An overview of hate crime in England and Wales

Document type
Report
Corporate author(s)
Great Britain. Home Office; Great Britain. Office for National Statistics; Great Britain. Ministry of Justice
Publisher
Home Office
Date of publication
17 December 2013
Subject(s)
Criminal Justice Services, Minority Groups
Collection
Social welfare
Material type
Reports

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Based on combined data from the 2011/12 and 2012/13 Crime Survey of England and Wales (CSEW), there were an estimated 278,000 hate crimes on average per year for the five monitored strands. The most commonly reported motivating factor in these hate crime incidents was race, with an average of 154,000 incidents a year according to the 2011/12 and 2012/13 surveys. The second most common motivating factor was religion (70,000 incidents per year). The majority of hate crime incidents were accounted for by incidents of assault (with minor injury or no injury) and incidents of vandalism, which together made up around two-thirds of the CSEW hate crime estimate.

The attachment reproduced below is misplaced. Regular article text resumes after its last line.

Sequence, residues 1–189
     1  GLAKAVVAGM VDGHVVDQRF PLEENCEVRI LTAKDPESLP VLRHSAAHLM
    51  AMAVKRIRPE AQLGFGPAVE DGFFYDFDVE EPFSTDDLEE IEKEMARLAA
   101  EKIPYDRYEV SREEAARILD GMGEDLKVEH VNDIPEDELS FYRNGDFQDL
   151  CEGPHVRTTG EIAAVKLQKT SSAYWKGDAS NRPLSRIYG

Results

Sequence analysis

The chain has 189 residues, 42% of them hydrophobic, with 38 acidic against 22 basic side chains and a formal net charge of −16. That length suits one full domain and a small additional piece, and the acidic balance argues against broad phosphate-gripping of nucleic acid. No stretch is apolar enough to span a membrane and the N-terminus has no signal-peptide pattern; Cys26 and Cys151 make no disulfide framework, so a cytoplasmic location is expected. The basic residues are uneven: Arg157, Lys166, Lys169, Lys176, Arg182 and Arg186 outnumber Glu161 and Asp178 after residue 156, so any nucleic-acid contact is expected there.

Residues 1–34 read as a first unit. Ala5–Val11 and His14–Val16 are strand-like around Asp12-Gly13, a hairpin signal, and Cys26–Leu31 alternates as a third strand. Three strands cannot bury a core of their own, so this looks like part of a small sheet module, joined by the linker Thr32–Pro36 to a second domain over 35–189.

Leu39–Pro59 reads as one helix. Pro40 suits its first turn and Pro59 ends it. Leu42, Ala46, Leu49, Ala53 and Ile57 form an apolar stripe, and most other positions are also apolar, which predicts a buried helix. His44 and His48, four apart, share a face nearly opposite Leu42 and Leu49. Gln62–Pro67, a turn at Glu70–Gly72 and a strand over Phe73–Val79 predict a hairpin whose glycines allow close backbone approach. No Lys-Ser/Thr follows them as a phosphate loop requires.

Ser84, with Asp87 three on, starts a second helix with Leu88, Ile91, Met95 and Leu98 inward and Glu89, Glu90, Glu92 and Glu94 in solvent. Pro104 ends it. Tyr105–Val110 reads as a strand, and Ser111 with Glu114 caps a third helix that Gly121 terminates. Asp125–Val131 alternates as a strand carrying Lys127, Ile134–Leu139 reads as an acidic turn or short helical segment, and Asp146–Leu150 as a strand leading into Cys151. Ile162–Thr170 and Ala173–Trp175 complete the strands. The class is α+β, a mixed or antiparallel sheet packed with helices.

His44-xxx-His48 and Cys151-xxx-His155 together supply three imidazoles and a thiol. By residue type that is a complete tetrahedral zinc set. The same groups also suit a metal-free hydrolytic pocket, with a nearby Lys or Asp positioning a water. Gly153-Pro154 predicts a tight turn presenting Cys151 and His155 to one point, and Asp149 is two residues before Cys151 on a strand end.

The combined 2011/12 and 2012/13 CSEW estimated that 40 per cent of hate crimes came to the attention of the police, a similar level to overall CSEW crime. However, the level of reporting to the police for hate crimes has fallen from 51 per cent in the combined 2007/08 and 2008/09 surveys. This fall is likely to be in at least part due to a change in the profile of hate crime offences experienced, away from more serious offences (such as robbery) to less serious offences (such as assault without injury). These less serious offences tend to have a lower reporting rate. The most common reason for not reporting the incident to the police was because the victim believed that the police would not or could not do much about it (43% of hate crime incidents in the CSEW that were not reported).

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